Nothing says, “I'm not sure our marriage will last,” like asking your new fiancé for a prenuptial agreement. This situation can be made even more touchy if the parents of the bride or groom are the ones insisting on the agreement.
Jennifer Remondino, Executive Partner and Ric Roane, Partner – Warner Norcross & Judd LLP
Wednesday, September 18, 2019
The mere word “prenup” strikes fear and anxiety into the hearts of most who hear it. When we realize we have to broach this topic, our thoughts immediately jump to the worst-case scenario - a broken engagement.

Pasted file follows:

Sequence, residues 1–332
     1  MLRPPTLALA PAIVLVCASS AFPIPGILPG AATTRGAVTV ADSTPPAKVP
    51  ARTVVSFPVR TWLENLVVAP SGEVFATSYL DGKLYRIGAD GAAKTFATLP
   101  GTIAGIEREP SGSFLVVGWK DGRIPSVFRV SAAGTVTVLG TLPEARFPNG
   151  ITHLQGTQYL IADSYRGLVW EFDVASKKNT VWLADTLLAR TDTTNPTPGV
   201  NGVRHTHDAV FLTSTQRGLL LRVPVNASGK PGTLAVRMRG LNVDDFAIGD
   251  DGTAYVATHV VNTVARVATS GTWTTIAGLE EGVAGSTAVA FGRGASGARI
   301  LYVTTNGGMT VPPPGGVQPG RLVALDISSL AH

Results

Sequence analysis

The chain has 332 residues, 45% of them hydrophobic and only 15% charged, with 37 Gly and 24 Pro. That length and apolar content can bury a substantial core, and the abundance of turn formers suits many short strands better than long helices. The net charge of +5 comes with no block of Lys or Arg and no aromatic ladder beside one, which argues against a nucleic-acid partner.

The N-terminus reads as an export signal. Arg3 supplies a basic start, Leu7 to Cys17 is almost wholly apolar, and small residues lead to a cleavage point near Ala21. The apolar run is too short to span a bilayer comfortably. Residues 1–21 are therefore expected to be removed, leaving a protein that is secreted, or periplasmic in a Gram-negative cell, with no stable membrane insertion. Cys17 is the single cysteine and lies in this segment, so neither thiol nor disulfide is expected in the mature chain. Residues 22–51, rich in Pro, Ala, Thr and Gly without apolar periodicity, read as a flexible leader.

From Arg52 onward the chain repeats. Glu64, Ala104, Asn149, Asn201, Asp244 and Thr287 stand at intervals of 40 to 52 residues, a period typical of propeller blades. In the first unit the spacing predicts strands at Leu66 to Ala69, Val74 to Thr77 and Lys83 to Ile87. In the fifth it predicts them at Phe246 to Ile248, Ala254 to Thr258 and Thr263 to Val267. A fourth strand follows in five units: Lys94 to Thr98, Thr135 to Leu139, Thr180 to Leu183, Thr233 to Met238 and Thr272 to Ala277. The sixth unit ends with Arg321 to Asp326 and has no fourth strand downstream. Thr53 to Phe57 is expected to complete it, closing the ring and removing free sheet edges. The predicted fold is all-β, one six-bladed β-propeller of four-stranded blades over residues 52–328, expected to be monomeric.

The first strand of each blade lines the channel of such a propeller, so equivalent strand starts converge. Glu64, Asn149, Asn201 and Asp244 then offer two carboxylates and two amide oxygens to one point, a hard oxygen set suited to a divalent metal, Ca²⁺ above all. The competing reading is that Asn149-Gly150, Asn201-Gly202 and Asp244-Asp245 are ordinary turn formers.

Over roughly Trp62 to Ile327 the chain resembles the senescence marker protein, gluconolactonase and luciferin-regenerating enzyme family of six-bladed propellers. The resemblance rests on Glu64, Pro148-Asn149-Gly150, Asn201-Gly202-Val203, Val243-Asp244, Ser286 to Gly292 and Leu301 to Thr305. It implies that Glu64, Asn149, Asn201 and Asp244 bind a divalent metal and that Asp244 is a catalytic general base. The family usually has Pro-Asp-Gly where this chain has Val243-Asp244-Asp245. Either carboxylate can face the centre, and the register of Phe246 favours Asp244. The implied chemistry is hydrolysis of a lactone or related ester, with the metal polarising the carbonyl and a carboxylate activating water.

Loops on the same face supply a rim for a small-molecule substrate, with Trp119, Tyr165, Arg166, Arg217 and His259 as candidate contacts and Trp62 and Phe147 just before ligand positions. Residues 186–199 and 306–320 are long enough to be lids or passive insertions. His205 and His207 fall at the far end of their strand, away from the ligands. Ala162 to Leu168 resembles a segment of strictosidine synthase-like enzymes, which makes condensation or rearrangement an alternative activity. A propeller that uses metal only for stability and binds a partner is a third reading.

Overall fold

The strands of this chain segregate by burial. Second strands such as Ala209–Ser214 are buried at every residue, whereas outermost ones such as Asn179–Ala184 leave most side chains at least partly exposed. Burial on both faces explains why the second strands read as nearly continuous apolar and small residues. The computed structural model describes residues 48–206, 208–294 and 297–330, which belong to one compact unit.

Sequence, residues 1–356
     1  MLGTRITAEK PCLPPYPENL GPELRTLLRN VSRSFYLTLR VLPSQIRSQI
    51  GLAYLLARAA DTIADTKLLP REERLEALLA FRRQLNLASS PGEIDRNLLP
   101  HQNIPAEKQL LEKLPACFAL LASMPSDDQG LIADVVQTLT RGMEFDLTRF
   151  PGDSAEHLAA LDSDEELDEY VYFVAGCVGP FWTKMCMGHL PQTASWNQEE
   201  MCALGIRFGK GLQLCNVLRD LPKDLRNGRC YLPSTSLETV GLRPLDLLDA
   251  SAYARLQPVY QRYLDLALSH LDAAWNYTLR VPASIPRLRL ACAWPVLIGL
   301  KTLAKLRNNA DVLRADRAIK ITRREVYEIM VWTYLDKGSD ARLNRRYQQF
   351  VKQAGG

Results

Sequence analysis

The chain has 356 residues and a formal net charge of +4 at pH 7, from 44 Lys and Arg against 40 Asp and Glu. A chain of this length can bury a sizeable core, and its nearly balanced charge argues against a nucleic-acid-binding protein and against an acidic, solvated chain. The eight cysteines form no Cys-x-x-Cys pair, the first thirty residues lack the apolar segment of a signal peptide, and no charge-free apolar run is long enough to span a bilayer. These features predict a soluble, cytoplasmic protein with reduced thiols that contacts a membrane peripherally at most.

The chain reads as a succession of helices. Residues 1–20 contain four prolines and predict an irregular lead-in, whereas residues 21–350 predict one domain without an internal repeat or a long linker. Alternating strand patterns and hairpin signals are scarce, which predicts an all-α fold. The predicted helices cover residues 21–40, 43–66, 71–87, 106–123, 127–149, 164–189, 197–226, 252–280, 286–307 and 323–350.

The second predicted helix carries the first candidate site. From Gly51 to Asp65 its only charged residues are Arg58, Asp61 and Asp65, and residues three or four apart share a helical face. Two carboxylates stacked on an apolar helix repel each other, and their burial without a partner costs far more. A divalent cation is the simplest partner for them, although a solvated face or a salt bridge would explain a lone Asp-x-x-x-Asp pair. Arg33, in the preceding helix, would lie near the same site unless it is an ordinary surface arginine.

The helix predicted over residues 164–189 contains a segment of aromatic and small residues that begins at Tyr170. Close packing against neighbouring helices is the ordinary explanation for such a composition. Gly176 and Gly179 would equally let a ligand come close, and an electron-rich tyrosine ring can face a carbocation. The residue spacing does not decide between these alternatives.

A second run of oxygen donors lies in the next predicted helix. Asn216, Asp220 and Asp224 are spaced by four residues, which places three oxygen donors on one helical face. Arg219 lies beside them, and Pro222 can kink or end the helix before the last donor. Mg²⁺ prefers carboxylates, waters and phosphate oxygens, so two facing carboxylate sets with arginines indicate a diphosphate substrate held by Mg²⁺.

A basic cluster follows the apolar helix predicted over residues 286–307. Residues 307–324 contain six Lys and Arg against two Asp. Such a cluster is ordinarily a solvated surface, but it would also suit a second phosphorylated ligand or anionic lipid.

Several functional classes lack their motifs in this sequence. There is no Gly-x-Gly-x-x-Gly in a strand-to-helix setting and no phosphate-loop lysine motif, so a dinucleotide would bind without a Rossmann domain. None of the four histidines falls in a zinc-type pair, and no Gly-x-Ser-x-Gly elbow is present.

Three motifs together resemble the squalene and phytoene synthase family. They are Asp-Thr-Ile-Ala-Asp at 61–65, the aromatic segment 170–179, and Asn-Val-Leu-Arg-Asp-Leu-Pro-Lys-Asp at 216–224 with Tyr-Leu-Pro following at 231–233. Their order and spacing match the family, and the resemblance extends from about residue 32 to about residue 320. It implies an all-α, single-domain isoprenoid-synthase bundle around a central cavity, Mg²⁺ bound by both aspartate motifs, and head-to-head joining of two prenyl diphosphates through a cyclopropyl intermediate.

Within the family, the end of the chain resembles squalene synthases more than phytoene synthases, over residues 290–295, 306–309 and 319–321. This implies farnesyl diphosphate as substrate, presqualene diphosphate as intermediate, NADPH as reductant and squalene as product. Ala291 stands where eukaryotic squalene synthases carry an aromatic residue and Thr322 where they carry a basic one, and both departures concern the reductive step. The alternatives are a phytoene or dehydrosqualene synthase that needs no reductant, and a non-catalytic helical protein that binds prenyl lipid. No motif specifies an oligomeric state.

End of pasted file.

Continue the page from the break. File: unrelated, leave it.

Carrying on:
A trend from an earlier study on family foundations revealed that foundations based on a commitment to a particular region remain committed to the hometown over generations while sustaining both effective grantmaking and family involvement.
All parents have reasons for why they do or do not share their wealth with their children, and neither option is without challenges. So, how do you bring your children up the curve with regard to preparing them for living fulfilled, happy, healthy, accomplished lives in the presence of wealth?
There’s no denying that the looming transfer of wealth will be great—the largest in history. However, for all the hype and years of coverage, the Great Wealth Transfer is more like the Great Wealth Trickle.